Sounds like a good excuse to target a guy who can give them all three, and the first one especially: Brian Dozier.
In this context, his name may stand out most because he's not Ian Kinsler. The Detroit Tigers' veteran second baseman is the one the Dodgers have been most often linked to on the hot-stove rumor mill.
But as Ken Rosenthal of Fox Sports reported, the Dodgers also have Dozier on their radar. And, shoot, why wouldn't they?
The Minnesota Twins' 29-year-old All-Star is coming off a career year that featured an .886 OPS, 42 home runs and 18 stolen bases. With his contract running out and the Twins in need of more young building blocks, even Dozier wasn't blindsided when he was asked about a possible trade in September.
"Oh, really?" he told Mike Berardino of the Pioneer Press, apparently with his tongue firmly in his cheek. "I don’t read too much into that. All I can know is I’m here for two more years."
From the sound of things, a deal between the Twins and Dodgers is nowhere close to being done. Here's Berardino with a recent report:
There's no indication the Dodgers are close to a deal for Kinsler, either. We've already discussed how his talent and the $21 million remaining on his contract make for a high price tag. And since the Dodgers are on his no-trade list, he'll only accept a deal if additional money is involved.
Dozier doesn't have no-trade protection, but that doesn't necessarily make him easier to acquire.
With plenty of talent of his own and only $15 million remaining on his contract, the Dodgers would likely have to surrender at least one of their blue-chip prospects for Dozier—say, Cody Bellinger, Jose De Leon, Alex Verdugo or Grant Holmes.
However, it's not like the Dodgers can find a stand-in for Kinsler or Dozier on the open market. The second base aisle is barren. And if they're going to trade for one of them, Dozier's the one they should be leaning toward.
Nothing against Kinsler. He's been a great player his whole career and hasn't slowed down as he's advanced into his 30s. The 34-year-old has produced 17.8 wins above replacement since 2013, second only to Jose Altuve among second basemen. He finally won an overdue Gold Glove in 2016.
But on that last point, defense is the one thing Kinsler has done better than Dozier over the last three seasons:
|Brian Dozier vs. Ian Kinsler: 2014-16|
|Player||G||PA||HR||SB||OPS||Total Offense||Total Defense|
Nothing against defense, either, but it's not one of the Dodgers' major needs. They finished tied for fourth in defensive efficiency in 2016, according to Baseball Prospectus. This despite the fact the advanced metrics rated Utley as a mediocre defender at second base.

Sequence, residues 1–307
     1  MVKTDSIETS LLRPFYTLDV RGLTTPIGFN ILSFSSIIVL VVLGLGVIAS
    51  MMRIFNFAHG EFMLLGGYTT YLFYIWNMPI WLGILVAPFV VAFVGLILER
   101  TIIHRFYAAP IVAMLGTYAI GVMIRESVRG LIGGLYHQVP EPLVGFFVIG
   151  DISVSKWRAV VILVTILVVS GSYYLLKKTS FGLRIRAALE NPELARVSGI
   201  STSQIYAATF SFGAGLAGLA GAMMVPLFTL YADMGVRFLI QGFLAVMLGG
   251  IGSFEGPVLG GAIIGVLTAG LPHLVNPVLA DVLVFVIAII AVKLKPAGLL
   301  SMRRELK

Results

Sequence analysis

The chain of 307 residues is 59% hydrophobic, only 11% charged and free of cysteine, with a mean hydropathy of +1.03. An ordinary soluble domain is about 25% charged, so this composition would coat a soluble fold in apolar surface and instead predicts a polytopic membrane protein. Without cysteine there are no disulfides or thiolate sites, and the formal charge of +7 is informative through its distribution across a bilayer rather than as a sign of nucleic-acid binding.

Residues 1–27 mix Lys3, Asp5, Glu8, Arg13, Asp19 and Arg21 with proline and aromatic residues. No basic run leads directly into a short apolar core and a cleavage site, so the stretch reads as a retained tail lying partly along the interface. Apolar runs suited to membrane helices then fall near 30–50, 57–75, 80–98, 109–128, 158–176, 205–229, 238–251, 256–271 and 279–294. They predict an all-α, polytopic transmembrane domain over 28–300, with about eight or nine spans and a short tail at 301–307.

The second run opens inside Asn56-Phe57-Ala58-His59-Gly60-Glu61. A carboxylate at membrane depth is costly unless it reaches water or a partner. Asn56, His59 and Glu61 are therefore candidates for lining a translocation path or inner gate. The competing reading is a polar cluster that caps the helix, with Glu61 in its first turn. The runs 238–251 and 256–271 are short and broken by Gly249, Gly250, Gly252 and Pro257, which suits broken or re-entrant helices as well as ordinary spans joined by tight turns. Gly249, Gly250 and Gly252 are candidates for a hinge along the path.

Where second base really failed the Dodgers is at the plate, producing just a .723 OPS and 18 homers. Kinsler and Dozier both have the bats to fix that, but the extra appeal in Dozier's bat is hard to miss.
The 42 homers he slugged in 2016 are 10 more than Kinsler's ever hit in a season. They also kept alive a trend of Dozier's home run total increasing in each of his five major league seasons. He started with a humble six in 2012 and has gone to 18 to 23 to 28 to 42.
It's all in Dozier's approach. His consistently above-average walk rates reflect his strong plate discipline, and his swing is made to get the ball in the air to his pull side. His ground-ball-to-fly-ball ratio has settled well below 1.0, and nobody has pulled the ball as frequently as he has since 2014.
As Dozier's career .246 average can vouch, his approach isn't good for hitting for average. But with a solid .320 career on-base percentage to go with all his power, he rightfully doesn't care about that.
"I can look at my average and see I’m hitting .250-something," he told David Laurila of FanGraphs in August, "but if I can get on base at a .350 clip, versus a guy who’s hitting .300 and getting on base .330….300 doesn’t matter. If you can find ways to get on base and create runs, you’re being productive. In my opinion, that’s how you evaluate a player."
The one thing Dozier doesn't have is booming raw power, which does loom as a red flag regarding a potential move from Target Field to Dodger Stadium.
But courtesy of Baseball Savant, we see that most of the home runs he's hit in his career would have cleared Dodger Stadium's dimensions just fine:
Dozier's other appeal is that he's a right-handed batter who crushes left-handed pitching. He owns an .854 career OPS against southpaws and just peaked with a .965 OPS against them in 2016.
A hitter like that is something the Dodgers sorely need after posting an MLB-worst .622 OPS against lefties in 2016. And given that their second basemen posted just a .586 OPS against lefties, second base is an ideal place to slot an upgrade.
After all this, Dozier's other qualities come off as welcome bonuses.
He's an excellent baserunner, stealing his 74 career bases in 99 tries with plenty of extra value on the side. Since 2014, only seven players have accumulated more total baserunning value than Dozier.
And while Dozier's not on Kinsler's level defensively, he's no slouch. The metrics have been largely positive on his defense. If nothing else, the Inside Edge data shows he's money at making routine plays.
The Dodgers have the right idea in having Kinsler and Dozier on their radar as fixes for what ails them at second base. They're two of the game's best second basemen.
But since their prices are probably equal and the Dodgers need offense more than defense, Dozier's the one for them. Lucky for them, they still have plenty of time to strike a deal.